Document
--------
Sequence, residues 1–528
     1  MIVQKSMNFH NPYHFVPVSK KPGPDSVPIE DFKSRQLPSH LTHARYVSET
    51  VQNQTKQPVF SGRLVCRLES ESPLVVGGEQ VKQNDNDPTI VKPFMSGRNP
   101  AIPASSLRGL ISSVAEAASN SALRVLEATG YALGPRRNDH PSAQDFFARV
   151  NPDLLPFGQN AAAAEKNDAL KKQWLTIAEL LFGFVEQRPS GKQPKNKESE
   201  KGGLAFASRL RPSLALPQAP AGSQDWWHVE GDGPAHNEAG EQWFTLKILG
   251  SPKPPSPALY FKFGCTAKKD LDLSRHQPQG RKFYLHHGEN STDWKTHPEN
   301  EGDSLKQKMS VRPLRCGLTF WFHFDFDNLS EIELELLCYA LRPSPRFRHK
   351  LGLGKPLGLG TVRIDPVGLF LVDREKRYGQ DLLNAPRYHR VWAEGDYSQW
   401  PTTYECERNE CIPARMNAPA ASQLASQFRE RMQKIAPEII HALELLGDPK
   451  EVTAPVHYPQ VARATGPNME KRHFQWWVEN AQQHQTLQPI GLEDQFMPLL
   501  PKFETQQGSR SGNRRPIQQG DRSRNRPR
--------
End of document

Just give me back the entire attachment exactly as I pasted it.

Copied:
Sequence, residues 1–528
     1  MIVQKSMNFH NPYHFVPVSK KPGPDSVPIE DFKSRQLPSH LTHARYVSET
    51  VQNQTKQPVF SGRLVCRLES ESPLVVGGEQ VKQNDNDPTI VKPFMSGRNP
   101  AIPASSLRGL ISSVAEAASN SALRVLEATG YALGPRRNDH PSAQDFFARV
   151  NPDLLPFGQN AAAAEKNDAL KKQWLTIAEL LFGFVEQRPS GKQPKNKESE
   201  KGGLAFASRL RPSLALPQAP AGSQDWWHVE GDGPAHNEAG EQWFTLKILG
   251  SPKPPSPALY FKFGCTAKKD LDLSRHQPQG RKFYLHHGEN STDWKTHPEN
   301  EGDSLKQKMS VRPLRCGLTF WFHFDFDNLS EIELELLCYA LRPSPRFRHK
   351  LGLGKPLGLG TVRIDPVGLF LVDREKRYGQ DLLNAPRYHR VWAEGDYSQW
   401  PTTYECERNE CIPARMNAPA ASQLASQFRE RMQKIAPEII HALELLGDPK
   451  EVTAPVHYPQ VARATGPNME KRHFQWWVEN AQQHQTLQPI GLEDQFMPLL
   501  PKFETQQGSR SGNRRPIQQG DRSRNRPR